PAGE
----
(2) Should we call on the Irish bishops to accept that some priests will have particular difficulty with the texts and need to be given the freedom in conscience to opt out?
(3) In terms of strategy would we be better to keep our heads down rather than be seen to invite reprimands or worse?
(4) Do we need to say publicly that not allowing any leeway – unless there are clear and transparent derogations – will help to drive another wedge between bishops and their priests?
(5) If the changes are found to be unworkable, if congregations (as some priests fear) are reduced to silence, if the changes are not ‘received’ by the Irish Church, what is Plan B?
I think that while we do not compromise or moderate our assessment of the proposed changes, we need to be strategic and prudent in our response.
I think we need to recognise that many priests will go their own way in terms of what if anything is implemented but we need as well to be astute in facilitating that course.
– Show quoted text –

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  1. @If a priest, after reflection and prayer, comes to the decision that he cannot in conscience use the new Missal is he permitted/encouraged to use the old Missal or is he effectively confronted with a choice between (a) saying either the Latin Mass (Extraordinary Rite) or the new Mass or (b) not saying Mass at all.”
    As I understand, any priest of the Latin rite is free to celebrate whichever form (EF or OF) he wants. Latin remains the ‘ordinary’ language of both forms (the vernacular being merely a dispensation from the norm). The pro-cathedral celebrates a Latin Novus Ordo every Sunday.

  2. As a woman I have no problem with the new Missal and welcome it wholeheartedly and I know that all of my friends feel the same way. We need to get back to prayer and faith in Christ as well as the works of mercy in our communities. We have so many wonderful Priests in our country who are faithful to the Magesterium and who work faithfully for the Church and for the people. It is often the case too that these Priests suffer very much also. But I think Jesus said that we have to take up our Cross and follow Him as all the Saints of the Catholic Church did. God bless you.

  3. The Mass is what matters. This new translation is a good opportunity to get back some of the sacrality and meaning of the prayers of the Mass. It should be welcomed with open arms by all Catholics. It’s a tool towards the restoration of Holy Church.

  4. This is a splendid piece; Brendan is formulating the issues for right-thinking people. It’s a pity that the presentation on the PrayTell blog focussed on the inclusive language issue–where in some respects the new text is an improvement on the old. The urgent pastoral ‘what do we actually do?’ questions are ones that we need to face–the deferential doublethink of our public rhetoric is really not helpful at the moment.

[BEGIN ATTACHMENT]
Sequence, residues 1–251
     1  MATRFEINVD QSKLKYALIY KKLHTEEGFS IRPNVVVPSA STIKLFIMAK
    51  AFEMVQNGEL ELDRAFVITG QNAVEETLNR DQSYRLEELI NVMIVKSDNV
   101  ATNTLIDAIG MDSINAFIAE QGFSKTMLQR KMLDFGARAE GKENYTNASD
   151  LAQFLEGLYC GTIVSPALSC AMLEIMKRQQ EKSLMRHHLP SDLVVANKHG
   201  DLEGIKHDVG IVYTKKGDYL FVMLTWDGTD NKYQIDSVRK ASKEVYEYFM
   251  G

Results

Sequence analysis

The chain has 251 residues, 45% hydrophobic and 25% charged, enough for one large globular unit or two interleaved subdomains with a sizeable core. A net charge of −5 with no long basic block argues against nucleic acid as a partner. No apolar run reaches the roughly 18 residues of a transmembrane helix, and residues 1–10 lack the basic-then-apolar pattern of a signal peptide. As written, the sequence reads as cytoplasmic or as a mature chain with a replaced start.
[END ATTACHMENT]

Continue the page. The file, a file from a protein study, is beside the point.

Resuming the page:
5. If people are really going to have such huge problems with the translation of the Missal, and experience such pain, maybe we should just abandon the idea of a vernacular liturgy? Celebrate the Mass in Latin, which is the language proper to the Roman rite, and people – since they can’t agree to use the translation approved by the Church – can read along in whichever translation they prefer!
    Or… if we abhor Latin even more, and really desire a vernacular liturgy, use the one given us by the Church, and learn to understand what it is saying, and be formed by the liturgy, which is always the action of Christ the High Priest. This is an action in which we participate by grace, so let’s be thankful for the gift of the liturgy given by Christ’s Mystical Body, the Church.

  6. What happens in my parish this Advent will dictate what I do next. Although I can’t really afford the travel costs, I might have to attend the Extraordinary Form Mass if things don’t improve.
    There’s a good post here about the new translation, and how, realistically speaking, it may not make too much difference to anything in the parishes: http://vultus.stblogs.org/2011/06/will-the-new-english-translati.html
    It makes me so sad to see what has happened to the Church. So sad, because my soul and the souls of many others are at risk. If we can’t connect with God at Mass due to abuses, sacrilege and priests who think it is all about them and turn the Mass into a show, then we cannot progress in holiness. We leave Mass angry and upset, worse than if we had not gone to Mass.

  7. Joe O'Leary says:

    It is not that people do no want a vernacular liturgy, or that they could not agree on a good translation (like the suppressed 1998 one). The problem is simply that the new translation is bad and thus enjoys very little genuine support.

  8. Joe O'Leary says:

    Pascal, making the priest disappear at Mass is perhaps only part of what the link you give wants. They also seem to want the people to disappear, especially people not of our race or social class. If what they want is in fact a disincarnate liturgy, the problem is their own narcissism rather than that which they project onto priests.